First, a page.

Photo Credit: Ali Smith/The Guardian
Jonah Bichotte Cowan
Passes State Legislature
Nearly four years ago, I lost my son,
Jonah Bichotte Cowan
after going into preterm labor. On October 4, 2016, I entered the New York Presbyterian/Columbia University Medical Hospital 22 weeks into my pregnancy after a check-up revealed that I was several centimeters dilated. At the hospital, I was told that my baby and I were in an incredibly fatal and high risk situation. Knowing the risks associated with this condition, the doctors at New York Presbyterian/Columbia University Medical Hospital,
denied treatment and discharged me
, citing a
which claimed they could not
intervene before 23 weeks because insurance would not cover my preterm labor care. I was a week away from receiving the care we desperately needed. On October 7, 2016, I gave birth to Jonah, who was alive, at
Wyckoff Heights Medical Center, where I was admitted and received care. Jonah passed away several hours later.
In honor of Jonah, and
all the other babies and mothers who have lost their lives
as a result of these cruel and inhumane policies, I introduced the
Jonah Bichotte Cowan Law
This legislation requires hospitals to
expectant mothers if they are going into
to women with high-risk pregnancies.
Assemblymember Rodneyse Bichotte debates the Jonah Bichotte Cowan Law bill on the Assembly floor.
Today, the Jonah Bichotte Cowan Law
New York State Assembly and Senate
. The next step is for the Governor to sign the bill into law.
The enactment of Jonah's bill is a huge achievement, not only for me personally, but also to the
one in ten
families who are at risk of preterm birth.
Thank you to State
Senator Velmanette Montgomergy
for carrying the bill in the senate, and to advocacy organizations such as
The Baby Resource Center
Star Legacy Foundation
March of Dimes
for their activism and support of this bill.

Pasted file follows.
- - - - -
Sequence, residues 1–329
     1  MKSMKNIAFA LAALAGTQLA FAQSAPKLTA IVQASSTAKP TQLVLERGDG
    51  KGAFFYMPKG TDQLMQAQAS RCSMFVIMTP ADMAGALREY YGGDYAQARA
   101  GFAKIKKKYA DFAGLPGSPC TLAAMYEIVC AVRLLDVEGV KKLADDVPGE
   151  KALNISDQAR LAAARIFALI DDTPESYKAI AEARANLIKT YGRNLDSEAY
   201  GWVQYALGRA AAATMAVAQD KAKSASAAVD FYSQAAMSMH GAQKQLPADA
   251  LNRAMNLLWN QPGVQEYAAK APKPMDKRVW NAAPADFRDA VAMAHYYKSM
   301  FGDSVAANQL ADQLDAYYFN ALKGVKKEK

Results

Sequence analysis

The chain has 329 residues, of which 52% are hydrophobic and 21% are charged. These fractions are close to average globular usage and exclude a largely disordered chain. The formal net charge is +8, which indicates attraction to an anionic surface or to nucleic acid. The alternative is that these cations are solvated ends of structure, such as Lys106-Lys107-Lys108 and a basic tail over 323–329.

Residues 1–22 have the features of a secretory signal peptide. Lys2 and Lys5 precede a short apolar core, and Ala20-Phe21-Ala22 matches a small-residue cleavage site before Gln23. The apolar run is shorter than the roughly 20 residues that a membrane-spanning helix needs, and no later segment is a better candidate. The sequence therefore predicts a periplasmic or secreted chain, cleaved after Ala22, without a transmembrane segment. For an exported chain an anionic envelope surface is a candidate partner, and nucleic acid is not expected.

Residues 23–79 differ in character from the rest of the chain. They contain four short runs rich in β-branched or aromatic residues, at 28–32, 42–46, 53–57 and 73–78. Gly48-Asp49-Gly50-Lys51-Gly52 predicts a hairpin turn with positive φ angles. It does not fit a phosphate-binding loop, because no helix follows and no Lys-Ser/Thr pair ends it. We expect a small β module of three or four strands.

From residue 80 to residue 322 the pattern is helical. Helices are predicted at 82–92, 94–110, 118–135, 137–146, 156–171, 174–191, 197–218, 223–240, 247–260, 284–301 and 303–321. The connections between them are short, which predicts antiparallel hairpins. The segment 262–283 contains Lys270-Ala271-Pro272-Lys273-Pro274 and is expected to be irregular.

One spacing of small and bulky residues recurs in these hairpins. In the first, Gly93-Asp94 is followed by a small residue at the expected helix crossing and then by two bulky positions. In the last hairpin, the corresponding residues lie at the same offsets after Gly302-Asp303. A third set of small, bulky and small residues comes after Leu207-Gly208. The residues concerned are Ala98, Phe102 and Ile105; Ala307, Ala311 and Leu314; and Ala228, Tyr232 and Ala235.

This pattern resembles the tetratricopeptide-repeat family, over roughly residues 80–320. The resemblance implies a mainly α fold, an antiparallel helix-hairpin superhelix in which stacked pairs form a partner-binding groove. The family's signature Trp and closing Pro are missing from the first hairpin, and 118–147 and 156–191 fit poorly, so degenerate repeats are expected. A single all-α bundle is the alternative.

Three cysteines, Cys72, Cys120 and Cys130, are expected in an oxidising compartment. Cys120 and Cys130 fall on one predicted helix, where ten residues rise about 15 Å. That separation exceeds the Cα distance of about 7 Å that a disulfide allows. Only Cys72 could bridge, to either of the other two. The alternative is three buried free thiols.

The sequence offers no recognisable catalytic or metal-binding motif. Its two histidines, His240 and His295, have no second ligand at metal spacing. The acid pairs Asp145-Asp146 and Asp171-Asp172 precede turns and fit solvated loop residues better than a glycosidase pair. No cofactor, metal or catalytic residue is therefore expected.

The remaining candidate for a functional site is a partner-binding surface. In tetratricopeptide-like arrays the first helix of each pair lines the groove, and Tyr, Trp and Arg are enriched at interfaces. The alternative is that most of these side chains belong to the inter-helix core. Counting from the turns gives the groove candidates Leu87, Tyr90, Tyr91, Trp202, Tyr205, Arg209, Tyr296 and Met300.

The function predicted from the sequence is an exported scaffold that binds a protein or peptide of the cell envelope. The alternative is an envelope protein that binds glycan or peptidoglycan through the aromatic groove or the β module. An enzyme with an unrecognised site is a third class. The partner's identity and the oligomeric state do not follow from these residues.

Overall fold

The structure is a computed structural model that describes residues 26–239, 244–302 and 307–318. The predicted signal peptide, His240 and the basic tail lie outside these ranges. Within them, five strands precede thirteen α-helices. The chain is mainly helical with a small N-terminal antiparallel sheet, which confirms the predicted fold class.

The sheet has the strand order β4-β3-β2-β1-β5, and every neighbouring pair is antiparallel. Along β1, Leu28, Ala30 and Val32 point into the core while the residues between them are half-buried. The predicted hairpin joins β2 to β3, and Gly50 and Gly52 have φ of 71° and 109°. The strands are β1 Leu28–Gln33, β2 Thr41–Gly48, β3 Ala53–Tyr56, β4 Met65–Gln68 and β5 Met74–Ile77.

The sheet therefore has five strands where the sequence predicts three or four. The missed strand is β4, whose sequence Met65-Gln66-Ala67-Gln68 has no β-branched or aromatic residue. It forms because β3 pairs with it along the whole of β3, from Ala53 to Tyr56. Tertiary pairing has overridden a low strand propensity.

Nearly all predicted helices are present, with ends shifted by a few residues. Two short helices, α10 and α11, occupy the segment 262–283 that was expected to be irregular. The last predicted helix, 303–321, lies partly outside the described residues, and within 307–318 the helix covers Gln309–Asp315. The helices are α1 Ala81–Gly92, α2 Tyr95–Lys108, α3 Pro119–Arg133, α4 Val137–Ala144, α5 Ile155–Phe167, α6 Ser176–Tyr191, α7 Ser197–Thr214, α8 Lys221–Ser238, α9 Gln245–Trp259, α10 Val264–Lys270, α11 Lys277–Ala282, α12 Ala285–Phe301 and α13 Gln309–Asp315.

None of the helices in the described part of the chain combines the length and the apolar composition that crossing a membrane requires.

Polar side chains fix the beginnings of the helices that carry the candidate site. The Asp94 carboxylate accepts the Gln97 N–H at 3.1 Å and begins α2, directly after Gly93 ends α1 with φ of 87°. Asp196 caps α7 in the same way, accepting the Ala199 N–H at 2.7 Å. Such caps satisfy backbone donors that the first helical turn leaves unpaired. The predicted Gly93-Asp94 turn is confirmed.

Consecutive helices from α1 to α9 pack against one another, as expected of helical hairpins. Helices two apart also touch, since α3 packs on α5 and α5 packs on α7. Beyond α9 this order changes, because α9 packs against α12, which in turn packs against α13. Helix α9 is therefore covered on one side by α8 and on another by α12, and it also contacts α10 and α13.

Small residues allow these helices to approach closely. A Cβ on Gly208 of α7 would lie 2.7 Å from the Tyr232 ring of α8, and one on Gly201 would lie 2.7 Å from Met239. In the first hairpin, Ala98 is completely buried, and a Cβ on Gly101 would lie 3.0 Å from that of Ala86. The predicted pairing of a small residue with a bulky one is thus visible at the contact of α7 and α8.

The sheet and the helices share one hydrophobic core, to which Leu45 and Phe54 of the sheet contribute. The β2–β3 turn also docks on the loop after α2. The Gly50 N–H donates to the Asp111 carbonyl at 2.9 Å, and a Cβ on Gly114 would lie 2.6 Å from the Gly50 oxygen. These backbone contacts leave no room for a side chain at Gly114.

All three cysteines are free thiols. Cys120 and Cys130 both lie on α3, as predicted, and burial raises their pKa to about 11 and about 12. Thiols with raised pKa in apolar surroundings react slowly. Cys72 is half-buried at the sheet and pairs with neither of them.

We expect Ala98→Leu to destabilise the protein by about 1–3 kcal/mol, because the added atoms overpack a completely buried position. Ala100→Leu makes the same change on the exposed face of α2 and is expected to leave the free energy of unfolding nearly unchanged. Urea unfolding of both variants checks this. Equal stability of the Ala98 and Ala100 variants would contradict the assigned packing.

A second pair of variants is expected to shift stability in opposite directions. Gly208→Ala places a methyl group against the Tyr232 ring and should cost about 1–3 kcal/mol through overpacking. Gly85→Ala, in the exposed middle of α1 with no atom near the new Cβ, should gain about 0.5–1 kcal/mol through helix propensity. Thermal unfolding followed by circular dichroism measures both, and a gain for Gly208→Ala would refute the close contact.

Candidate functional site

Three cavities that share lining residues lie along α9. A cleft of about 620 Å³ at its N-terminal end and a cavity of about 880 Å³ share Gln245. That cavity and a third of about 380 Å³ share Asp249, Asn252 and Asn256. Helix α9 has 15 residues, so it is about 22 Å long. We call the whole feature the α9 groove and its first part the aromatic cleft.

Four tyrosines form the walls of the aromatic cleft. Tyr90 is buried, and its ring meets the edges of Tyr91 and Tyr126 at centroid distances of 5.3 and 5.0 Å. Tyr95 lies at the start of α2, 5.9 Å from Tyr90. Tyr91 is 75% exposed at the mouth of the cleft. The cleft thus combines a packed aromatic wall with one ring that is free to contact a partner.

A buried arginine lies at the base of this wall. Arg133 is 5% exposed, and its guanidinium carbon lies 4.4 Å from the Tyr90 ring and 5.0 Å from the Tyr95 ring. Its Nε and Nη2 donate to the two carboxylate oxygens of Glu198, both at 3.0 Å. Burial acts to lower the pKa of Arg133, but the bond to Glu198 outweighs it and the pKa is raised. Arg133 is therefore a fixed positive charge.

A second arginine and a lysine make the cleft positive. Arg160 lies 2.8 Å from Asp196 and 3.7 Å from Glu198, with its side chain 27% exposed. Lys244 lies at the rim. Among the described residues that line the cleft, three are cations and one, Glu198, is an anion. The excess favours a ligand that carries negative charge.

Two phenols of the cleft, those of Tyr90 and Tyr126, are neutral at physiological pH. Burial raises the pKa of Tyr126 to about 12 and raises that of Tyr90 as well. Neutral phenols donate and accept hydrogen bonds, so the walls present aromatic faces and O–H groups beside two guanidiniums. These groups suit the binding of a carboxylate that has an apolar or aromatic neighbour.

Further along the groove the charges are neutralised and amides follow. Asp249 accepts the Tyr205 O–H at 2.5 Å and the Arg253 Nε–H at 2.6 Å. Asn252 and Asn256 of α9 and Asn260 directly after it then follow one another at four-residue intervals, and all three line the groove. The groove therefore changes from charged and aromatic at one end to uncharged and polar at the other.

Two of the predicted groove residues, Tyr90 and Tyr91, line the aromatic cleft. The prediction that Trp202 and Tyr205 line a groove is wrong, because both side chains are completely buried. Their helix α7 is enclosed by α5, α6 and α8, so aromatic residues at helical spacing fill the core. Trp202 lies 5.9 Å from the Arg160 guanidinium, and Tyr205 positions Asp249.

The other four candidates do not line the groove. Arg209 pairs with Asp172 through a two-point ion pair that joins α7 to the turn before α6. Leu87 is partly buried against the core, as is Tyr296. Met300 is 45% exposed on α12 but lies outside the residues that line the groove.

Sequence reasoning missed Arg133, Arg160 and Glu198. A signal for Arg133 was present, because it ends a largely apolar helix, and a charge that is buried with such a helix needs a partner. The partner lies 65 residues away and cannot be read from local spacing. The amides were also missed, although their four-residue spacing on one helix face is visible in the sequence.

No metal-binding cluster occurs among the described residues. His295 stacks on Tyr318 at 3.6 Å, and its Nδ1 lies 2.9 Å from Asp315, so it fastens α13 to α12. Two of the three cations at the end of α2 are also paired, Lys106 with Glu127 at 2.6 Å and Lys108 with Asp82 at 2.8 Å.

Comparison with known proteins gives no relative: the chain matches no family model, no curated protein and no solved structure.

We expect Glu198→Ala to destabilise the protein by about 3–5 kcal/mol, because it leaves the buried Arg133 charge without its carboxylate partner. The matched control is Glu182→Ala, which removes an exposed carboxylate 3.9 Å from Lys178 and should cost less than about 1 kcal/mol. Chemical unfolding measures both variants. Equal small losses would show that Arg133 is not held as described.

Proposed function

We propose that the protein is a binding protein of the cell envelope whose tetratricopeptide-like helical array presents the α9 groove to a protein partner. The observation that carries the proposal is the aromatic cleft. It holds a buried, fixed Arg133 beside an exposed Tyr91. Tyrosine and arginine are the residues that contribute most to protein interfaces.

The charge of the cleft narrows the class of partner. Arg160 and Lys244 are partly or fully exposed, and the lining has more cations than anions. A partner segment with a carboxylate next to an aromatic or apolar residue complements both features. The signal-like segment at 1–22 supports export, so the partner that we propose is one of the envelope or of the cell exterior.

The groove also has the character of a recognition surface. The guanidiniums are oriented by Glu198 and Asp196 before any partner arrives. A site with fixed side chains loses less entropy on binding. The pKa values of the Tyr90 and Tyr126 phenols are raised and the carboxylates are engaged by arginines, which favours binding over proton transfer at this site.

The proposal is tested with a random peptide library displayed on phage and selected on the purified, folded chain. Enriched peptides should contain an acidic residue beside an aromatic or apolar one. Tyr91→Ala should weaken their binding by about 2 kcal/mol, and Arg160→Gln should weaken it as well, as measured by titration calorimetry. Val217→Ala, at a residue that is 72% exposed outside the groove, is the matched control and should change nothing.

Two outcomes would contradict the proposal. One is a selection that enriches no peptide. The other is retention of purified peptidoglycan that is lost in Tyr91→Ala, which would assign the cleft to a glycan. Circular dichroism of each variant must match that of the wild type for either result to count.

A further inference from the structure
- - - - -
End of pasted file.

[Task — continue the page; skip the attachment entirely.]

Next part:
Black Maternal Health
While I am elated that this legislation, named for my son, has passed, I know there is
still a lot left to do
to ensure all women receive the care they need. Racial disparities are clear when it comes to maternal healthcare.
- The most recent preterm birth statistics show that the rate of preterm birth among Black women is about 50% higher than the rate of preterm birth among white women.
- In the United States, Black infants are more than twice as likely to die as white infants. This disparity is wider than in 1850, before the end of slavery.
- Despite advancing medical technologies, more expectant mothers are dying today than they did 25 years ago, and Black women are three to four times more likely than white women to die from pregnancy-related causes.
These disparities are no coincidence. They are the result of
systemic racial injustices
embedded in our healthcare system.
Assemblymember Rodneyse Bichotte with Majority Council Member Laurie Cumbo at a City Hall press conference addressing maternal health issues.
I first introduced Jonah's bill in 2018. It took many years of perseverance and advocacy to get where we are today. I will continue to champion this legislation as it moves to the executive, and
I will continue to fight to make sure expectant mothers across New York receive the quality healthcare they deserve
, regardless of the color of their skin. No pregnant woman should experience the trauma of being denied emergency medical care when she needs it most. I know that Jonah's memory will live on in each and every life that is saved.
Photo Credit: Ali Smith/The Guardian. Assemblymember Rodneyse Bichotte holds an urn containing the ashes of Jonah Bichotte Cowan, the child she lost due to complications with her pregnancy.
Assemblymember Rodneyse Bichotte represents the 42nd Assembly District in Brooklyn covering Ditmas Park, Flatbush, East Flatbush and Midwood. She is currently the
Chair of the Subcommittee on Oversight of Minority and Women-Owned Business Enterprises (MWBEs)
, and serves on the following committees:
Housing, Government Operations, Education
Banks, Health, and Higher Education
. She is also a member of the
Task Force on Women's Issues
and sits on
Governor Cuomo's Domestic Violence Advisory Council and Mayor De Blasio's MWBE Task Force.
As a current Assemblymember, District Leader, and Chair of Brooklyn Democratic Party, Rodneyse Bichotte has been an outspoken advocate on issues concerning
immigration, education, economic development, unemployment, education reform, health care access, senior citizen centers, affordable housing, school safety, women's and LGBTQ rights
, as well as other issues affecting the quality of life in the community.
Learn more about
Rodneyse Bichotte by visiting her website: